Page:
9 common breast cancer myths, debunked
Breast cancer is the most common form of cancer in the UK and sadly, one in seven women will develop it during her lifetime. However, treatments and technology have come on in leaps and bounds over the years, which means that the survival rates of breast cancer are rapidly improving, too. Now, 78 per cent of people who have been diagnosed with breast cancer survive for ten or more years, almost doubling the survival rate of that in the 70s.
But although we’ve never been so well informed about the disease, unfounded media scare stories and urban myths have muddied the waters, meaning that we’re often faced with conflicting information. To help you sift fact from fiction, we’ve debunked some of the most common myths about breast cancer.
Myth #1 Screening isn’t worth it
Media coverage sometimes highlights the downsides of women undergoing unnecessary procedures after screening – for instance, if a result isn’t clear, it may lead to a woman having a biopsy – but there’s increasing evidence that it saves lives. It’s estimated that the NHS Breast Screening Programme saves 1400 lives each year in England alone. If you’re aged 50 to 70, you should be called for screening every three years, and, if you’re over 70, you can request screening at your local unit every three years.
Myth #2 Mammograms cause cancer
The ionising radiation used in X-rays can increase cancer risk by a tiny amount, but it’s insignificant compared to the benefits of breast cancer screening. The radiation you receive in the procedure is less than you’re exposed to in daily life and has no significant impact on breast cancer risk.
Myth #3 Sporadic screening is enough
Instead of waiting for an invitation to a screening, you should regularly check your own breasts once a month. You know your breasts better than anyone, so you’re more likely to catch early signs of breast cancer if you check yourself. If you notice a lump, that they’ve changed in size, or any other breast cancer symptoms like nipple inversion, discharge, or bleeding, you should see your GP.
Myth #4 Only women get breast cancer
In fact, men can develop breast cancer, too. Although male breast cancer is far rarer, around 370 cases of breast cancer in men are diagnosed in the UK each year.
Myth #5 Superfoods will save you
Hardly a week goes by without a headline proclaiming a new hero food that will eradicate cancer, be it broccoli, blueberries or the latest super spice. But the effect of diet on disease risk is very difficult to measure, so beware. Studies into ‘superfoods’ tend to isolate one active ingredient, in a lab, to prove its effects. This is different to how it behaves in the body, as part of a food, eaten with other foods. By all means, include them all – but as part of a healthy, balanced, colourful and varied diet, and not as a panacea.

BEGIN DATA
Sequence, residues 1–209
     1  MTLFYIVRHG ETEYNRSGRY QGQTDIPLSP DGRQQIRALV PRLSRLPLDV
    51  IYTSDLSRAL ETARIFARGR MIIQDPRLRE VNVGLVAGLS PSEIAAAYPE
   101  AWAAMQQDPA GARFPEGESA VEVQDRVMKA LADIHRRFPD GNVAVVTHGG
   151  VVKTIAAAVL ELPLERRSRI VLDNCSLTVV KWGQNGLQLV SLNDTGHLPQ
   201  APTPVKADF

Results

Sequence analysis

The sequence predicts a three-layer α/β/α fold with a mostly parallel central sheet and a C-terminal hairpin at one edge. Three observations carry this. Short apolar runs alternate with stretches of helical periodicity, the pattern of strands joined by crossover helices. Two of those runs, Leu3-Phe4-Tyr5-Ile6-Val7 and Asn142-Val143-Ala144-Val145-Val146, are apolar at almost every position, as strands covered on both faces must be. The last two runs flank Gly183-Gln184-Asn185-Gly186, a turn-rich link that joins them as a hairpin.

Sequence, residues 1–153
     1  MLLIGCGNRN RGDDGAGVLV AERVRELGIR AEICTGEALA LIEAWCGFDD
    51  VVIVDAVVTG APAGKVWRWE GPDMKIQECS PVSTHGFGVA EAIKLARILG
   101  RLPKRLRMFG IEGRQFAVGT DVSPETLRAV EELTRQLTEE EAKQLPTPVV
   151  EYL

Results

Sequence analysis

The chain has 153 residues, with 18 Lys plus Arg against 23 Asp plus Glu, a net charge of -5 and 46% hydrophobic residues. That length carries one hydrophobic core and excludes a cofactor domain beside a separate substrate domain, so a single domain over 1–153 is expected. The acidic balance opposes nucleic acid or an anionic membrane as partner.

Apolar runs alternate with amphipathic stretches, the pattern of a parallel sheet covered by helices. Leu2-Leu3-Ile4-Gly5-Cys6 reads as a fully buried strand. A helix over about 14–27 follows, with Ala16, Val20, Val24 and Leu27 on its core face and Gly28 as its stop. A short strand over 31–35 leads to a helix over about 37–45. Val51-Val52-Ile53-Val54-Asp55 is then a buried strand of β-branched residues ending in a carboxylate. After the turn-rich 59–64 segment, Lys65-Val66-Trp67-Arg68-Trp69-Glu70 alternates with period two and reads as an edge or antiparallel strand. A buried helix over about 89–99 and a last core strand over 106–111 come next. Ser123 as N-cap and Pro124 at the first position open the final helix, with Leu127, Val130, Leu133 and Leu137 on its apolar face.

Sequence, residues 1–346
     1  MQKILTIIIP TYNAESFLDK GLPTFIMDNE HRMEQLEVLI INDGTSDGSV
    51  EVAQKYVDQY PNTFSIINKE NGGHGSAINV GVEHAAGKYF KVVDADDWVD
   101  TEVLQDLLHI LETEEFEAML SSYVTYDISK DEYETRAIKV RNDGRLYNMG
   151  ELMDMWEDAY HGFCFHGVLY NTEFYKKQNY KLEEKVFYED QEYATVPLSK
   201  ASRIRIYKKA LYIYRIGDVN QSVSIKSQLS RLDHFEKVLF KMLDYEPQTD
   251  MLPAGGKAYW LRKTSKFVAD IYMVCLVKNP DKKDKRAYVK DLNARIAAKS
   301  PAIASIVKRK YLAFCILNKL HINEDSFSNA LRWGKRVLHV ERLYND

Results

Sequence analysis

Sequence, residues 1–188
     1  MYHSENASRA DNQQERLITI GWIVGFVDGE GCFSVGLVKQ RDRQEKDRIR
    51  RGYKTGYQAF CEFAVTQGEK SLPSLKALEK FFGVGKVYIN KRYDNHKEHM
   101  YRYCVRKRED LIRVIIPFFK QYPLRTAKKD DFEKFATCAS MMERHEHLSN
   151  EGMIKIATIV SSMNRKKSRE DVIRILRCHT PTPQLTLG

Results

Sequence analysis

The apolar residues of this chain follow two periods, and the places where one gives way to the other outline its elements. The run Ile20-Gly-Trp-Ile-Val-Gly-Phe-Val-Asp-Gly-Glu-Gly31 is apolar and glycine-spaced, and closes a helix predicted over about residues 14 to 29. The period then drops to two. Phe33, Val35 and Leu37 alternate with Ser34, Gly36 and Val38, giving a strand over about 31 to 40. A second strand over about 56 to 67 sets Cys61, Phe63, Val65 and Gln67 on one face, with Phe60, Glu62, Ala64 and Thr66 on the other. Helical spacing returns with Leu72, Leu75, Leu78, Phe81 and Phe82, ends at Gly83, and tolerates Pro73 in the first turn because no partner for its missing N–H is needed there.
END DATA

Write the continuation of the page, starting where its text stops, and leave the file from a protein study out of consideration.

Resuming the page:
Myth #6 Antiperspirant deodorant is dangerous
We’ve not seen convincing evidence to support claims linking aluminium chloride (found in antiperspirants and talcum powder) to breast cancer. Studies have proved too small, vague, flawed or implausible to affect the advice given to women. But if you feel happier with a product that doesn’t contain aluminium chloride, there are plenty of good options available.
Myth #7 Breast-feeding will slash your risk
Yes, it does offer some protection, as the longer you breast-feed and the more full-term pregnancies you have, the less time you’re exposed to oestrogen, which can stimulate breast cancer cells and cause them to grow. But the reduction in risk is, really, very slight. So don’t panic if you haven’t had children, or you weren’t able to breast-feed.
Myth #8 Underwired bras can cause breast cancer
Scare stories suggest that wearing bras with a wire can block the drainage of lymph fluid and increase cancer risk. However, only one scientific study has investigated this effect and found no significant difference between women who wore underwired bras and those who did not.
Myth #9 If you have breast cancer, you’ll need a mastectomy
Breast cancer treatment has moved on enormously in the past 20 years. Most women now don’t necessarily require a mastectomy. Depending on how advanced the cancer is, you might be able have local incision of the breast tissue and radiotherapy to remove affected cells instead.